Having given that caveat, this seems HUGE. The Climate Research Unit (CRU) is the world record keepers of global temperature data; it keeps the numbers that the IPCC bases its reports on. There have been some very dubious things recently where outside skeptics want the original temperature readings before CRU "smooths" them and does other things, and CRU basically stonewalled before saying, "We don't have the original readings anymore. All we have is the corrected data at this point."

So anyway, apparently a whistleblower couldn't live with him or herself anymore, [UPDATE: The official story is that the University's webmail server was hacked from the oustide, see the comments] and dumped a 61 MB file of CRU emails, data, etc. to an outside server, and now the blogosphere has gone nuts.

Some of the emails (if legitimate) are pretty amazing. I haven't been able to look at this too much, but here are the two most jaw-dropping ones I've come across so far. Note that Phil Jones is the head of CRU, and once again CRU is the group that maintains the global temperature data on which the IPCC reports are based. Also note that Michael Mann is the creator of the infamous "hockey stick" temperature graph that is so controversial. (I have bolded the parts below.)


From: Phil Jones

To: “Michael E. Mann”


Date: Thu Jul 8 16:30:16 2004

The other paper by MM is just garbage - as you knew. De Freitas again. Pielke is also losing all credibility as well by replying to the mad Finn as well - frequently as I see it. I can’t see either of these papers being in the next IPCC report. Kevin and I will keep them out somehow - even if we have to redefine what the peer-review literature is !


From: Phil Jones
To: ray bradley ,,
Subject: Diagram for WMO Statement
Date: Tue, 16 Nov 1999 13:31:15 +0000
Cc: k.briffa@xxx.xx.xx,

Dear Ray, Mike and Malcolm,
Once Tim’s got a diagram here we’ll send that either later today or first thing tomorrow.
I’ve just completed Mike’s Nature trick of adding in the real temps
to each series for the last 20 years (ie from 1981 onwards) amd from
1961 for Keith’s to hide the decline.
Mike’s series got the annual
land and marine values while the other two got April-Sept for NH land
N of 20N. The latter two are real for 1999, while the estimate for 1999
for NH combined is +0.44C wrt 61-90. The Global estimate for 1999 with
data through Oct is +0.35C cf. 0.57 for 1998.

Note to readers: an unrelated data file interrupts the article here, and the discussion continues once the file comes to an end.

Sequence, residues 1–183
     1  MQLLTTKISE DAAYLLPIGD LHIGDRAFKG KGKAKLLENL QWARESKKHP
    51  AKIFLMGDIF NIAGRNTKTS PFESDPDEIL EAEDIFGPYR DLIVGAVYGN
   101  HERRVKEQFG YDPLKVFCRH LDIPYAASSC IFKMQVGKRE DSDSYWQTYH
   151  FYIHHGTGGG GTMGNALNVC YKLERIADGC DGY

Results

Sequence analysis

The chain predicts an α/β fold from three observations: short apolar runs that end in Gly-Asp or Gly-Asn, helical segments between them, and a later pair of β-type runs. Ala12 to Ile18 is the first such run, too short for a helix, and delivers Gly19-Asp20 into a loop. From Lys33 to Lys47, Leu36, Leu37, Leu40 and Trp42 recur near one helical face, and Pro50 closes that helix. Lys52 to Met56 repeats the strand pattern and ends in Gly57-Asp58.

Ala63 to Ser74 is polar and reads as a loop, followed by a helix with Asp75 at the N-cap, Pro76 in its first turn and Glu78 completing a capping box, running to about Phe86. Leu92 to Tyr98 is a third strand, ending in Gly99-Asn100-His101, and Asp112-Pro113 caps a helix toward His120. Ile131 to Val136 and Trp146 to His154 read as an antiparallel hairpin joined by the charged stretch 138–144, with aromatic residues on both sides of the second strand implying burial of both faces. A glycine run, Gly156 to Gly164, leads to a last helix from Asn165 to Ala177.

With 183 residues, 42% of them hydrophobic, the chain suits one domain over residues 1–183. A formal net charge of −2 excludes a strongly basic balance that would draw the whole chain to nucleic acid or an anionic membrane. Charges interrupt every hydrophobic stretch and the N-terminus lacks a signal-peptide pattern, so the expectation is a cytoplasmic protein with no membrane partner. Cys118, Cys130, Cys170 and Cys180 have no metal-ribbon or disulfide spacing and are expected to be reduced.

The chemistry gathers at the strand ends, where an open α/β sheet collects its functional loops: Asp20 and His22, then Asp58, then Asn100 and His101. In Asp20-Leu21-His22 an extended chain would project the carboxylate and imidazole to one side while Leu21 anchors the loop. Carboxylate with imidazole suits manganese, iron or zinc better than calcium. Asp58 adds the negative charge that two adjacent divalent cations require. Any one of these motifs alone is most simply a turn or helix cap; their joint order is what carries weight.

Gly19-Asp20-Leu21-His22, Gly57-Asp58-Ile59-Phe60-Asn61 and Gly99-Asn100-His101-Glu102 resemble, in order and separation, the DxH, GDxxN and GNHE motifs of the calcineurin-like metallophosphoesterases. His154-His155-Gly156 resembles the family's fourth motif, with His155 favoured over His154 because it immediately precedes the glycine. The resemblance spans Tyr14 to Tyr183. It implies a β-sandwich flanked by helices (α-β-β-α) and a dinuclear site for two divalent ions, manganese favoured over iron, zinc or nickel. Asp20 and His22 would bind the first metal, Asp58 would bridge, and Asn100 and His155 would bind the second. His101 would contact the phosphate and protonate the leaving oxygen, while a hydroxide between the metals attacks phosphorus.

Thanks for the comments, Ray.


Prof. Phil Jones
Climatic Research Unit Telephone +44 (0) xxxxx
School of Environmental Sciences Fax +44 (0) xxxx
University of East Anglia
Norwich Email


Now of course, the question is: Are these emails legit? Well let's turn to the RealClimate response. I'll reproduce a large portion of what they say, in light of the above bombshells (or "mushroom cloud" as Pat Michaels called it). So anyway here is how the NASA climate scientists defend their colleagues across the pond:
As many of you will be aware, a large number of emails from the University of East Anglia webmail server were hacked recently (Despite some confusion generated by Anthony Watts, this has absolutely nothing to do with the Hadley Centre which is a completely separate institution). As people are also no doubt aware the breaking into of computers and releasing private information is illegal, and regardless of how they were obtained, posting private correspondence without permission is unethical. We therefore aren’t going to post any of the emails here. We were made aware of the existence of this archive last Tuesday morning when the hackers attempted to upload it to RealClimate, and we notified CRU of their possible security breach later that day.

Nonetheless, these emails (a presumably careful selection of (possibly edited?) correspondence dating back to 1996 and as recently as Nov 12) are being widely circulated, and therefore require some comment. Some of them involve people here (and the archive includes the first RealClimate email we ever sent out to colleagues) and include discussions we’ve had with the CRU folk on topics related to the surface temperature record and some paleo-related issues, mainly to ensure that posting were accurate.